#Blizzard2016 and #Jonas are a few that airports are using to keep people abreast of the snowpocalypse, but it’s a broader hashtag than just airports (in case you want to get in on the action). 🙂

#blizzard2016

#jonas

Incidentally, PIT is also part of the tripchi airport app – m.tripchi.com

#AirportThrowdown is another snowpocalypse hashtag one I’ve seen recently – which seems to be tied to both #Blizzard2016 and #AirportsNowDown. This hashtag has been promoted by the ACI-NA (Airports Council International – North America) using @AirportsCouncil.

#AirportThrowdown

I must say, I don’t really get it. But hey, it probably does mean something (sounds negative again, however, and not something airport brands would want to associate with).

If you want to see a nice roll-up of various tweets related to the snowpocalypse, then I suggest visiting Harriet Baskas’s blog, Stuck At The Airport – link here. And feel free to join in the #hashtag fun, and shoot @tripchi a note with your best #Airportsnowdown story.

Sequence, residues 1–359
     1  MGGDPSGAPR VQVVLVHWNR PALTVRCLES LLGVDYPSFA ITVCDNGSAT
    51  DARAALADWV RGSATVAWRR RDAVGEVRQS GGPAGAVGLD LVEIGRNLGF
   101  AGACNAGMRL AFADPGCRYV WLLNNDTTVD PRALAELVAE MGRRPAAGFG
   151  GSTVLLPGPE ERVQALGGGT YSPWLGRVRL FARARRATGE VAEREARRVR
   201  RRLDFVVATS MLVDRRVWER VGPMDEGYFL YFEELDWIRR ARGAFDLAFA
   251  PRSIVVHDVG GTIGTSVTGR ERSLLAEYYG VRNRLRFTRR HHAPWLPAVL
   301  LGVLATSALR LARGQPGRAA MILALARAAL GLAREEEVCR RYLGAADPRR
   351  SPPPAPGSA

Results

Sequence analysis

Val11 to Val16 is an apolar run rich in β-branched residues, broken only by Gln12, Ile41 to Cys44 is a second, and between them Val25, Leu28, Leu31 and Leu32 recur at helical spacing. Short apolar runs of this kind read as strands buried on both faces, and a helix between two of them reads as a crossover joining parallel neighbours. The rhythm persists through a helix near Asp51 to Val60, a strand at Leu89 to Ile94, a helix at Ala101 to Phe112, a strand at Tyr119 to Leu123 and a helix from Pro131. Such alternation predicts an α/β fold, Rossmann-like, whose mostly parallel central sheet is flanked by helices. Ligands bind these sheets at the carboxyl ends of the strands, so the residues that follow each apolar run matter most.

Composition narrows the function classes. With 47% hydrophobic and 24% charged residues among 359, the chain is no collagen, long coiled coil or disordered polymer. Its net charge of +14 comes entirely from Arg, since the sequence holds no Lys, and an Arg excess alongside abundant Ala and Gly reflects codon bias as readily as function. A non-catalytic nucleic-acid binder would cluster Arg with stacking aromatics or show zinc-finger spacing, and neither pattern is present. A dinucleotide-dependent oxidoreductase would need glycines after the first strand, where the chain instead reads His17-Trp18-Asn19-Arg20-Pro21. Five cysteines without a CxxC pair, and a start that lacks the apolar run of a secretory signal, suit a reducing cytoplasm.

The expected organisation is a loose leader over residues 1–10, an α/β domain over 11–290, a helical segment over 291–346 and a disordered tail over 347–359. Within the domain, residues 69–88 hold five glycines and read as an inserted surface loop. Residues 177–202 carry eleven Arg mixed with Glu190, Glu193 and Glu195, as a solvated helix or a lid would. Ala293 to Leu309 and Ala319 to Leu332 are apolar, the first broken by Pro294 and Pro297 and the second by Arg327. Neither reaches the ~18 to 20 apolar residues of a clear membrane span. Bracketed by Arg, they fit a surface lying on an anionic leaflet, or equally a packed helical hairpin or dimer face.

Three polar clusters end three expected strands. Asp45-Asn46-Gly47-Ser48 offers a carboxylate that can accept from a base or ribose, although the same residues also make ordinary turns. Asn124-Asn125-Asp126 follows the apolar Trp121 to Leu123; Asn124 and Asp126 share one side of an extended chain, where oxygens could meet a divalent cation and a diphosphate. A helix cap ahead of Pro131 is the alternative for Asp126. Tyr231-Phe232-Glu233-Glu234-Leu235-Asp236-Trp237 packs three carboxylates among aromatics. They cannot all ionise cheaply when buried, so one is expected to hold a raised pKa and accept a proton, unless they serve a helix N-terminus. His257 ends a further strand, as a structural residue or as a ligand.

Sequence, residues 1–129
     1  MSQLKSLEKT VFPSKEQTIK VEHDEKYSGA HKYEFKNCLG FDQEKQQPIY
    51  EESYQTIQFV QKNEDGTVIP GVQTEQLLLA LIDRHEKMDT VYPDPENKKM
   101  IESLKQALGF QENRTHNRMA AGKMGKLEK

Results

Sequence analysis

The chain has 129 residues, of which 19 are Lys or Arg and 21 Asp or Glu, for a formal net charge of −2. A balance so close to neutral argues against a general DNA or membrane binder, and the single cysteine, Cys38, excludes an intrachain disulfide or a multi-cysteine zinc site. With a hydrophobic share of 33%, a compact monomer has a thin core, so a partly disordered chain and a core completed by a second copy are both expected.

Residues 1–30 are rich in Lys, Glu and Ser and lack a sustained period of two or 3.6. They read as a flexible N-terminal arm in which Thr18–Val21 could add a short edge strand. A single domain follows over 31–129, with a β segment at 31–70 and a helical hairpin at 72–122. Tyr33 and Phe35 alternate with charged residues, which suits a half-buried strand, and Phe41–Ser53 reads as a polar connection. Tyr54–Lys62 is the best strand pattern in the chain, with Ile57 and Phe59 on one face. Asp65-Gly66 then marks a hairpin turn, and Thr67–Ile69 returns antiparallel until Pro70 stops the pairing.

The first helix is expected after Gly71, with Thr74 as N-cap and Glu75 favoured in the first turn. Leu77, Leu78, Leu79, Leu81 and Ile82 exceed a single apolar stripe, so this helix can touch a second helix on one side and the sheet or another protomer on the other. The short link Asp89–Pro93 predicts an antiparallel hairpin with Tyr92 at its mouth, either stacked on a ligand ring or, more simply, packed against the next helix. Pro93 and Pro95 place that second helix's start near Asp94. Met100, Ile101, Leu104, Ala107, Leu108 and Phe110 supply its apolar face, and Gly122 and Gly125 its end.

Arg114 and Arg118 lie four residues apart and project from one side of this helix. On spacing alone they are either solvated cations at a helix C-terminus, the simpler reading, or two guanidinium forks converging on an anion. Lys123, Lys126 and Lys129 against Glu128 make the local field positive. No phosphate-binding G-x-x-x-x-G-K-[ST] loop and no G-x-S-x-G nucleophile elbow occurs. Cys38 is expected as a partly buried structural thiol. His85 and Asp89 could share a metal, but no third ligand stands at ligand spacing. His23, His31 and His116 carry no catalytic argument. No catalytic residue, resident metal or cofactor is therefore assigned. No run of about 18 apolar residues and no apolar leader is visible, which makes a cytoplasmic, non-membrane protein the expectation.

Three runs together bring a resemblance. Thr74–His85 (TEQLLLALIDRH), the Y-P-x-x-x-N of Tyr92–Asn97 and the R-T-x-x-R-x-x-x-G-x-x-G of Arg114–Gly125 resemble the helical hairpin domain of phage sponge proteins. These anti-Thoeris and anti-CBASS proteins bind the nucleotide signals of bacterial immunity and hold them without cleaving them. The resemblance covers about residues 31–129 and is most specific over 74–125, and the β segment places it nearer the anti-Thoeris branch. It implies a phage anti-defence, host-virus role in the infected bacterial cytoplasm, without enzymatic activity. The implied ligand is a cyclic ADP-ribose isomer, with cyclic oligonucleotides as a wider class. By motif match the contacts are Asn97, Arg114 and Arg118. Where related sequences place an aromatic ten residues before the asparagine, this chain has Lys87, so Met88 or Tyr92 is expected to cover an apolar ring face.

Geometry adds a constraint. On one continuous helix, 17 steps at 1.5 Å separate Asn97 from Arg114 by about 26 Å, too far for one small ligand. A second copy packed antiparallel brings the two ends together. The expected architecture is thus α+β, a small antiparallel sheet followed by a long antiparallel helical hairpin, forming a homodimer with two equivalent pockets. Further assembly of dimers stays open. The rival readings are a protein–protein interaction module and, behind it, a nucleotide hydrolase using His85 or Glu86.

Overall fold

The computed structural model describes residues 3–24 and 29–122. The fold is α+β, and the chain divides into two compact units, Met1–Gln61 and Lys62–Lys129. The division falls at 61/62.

MLK Day Airport Protests

If you happened to be at an airport during MLK Day today, you probably didn’t notice too many airports celebrating this historic day (to our disappointment). That said, you probably felt that Dr. King’s spirit was alive all the same if you witnessed airport workers’ protests at many airports across the country. There were several things these airport employees were demonstrating during this national day of civil disobedience – higher wagers (backing a $15 minimum wage proposal which would drastically increase the workers’ wages, which can be as low as $6.75 per hour), as well as shaking off threats against their rights to unionize. Dr. King would certainly have supported the airport workers’ plight of reaching for a higher minimum wage, as he supported a $2 minimum wage (around $15 in today’s terms) nearly 50 years ago. This “living wage” concept has also been on the front pages of US newspapers during the course of the Republican and Democratic debates, and will be a key issue for voters later this year.

Similar protests were held in Dec 2015 by United employees (Abel Uribe / Chicago Tribune)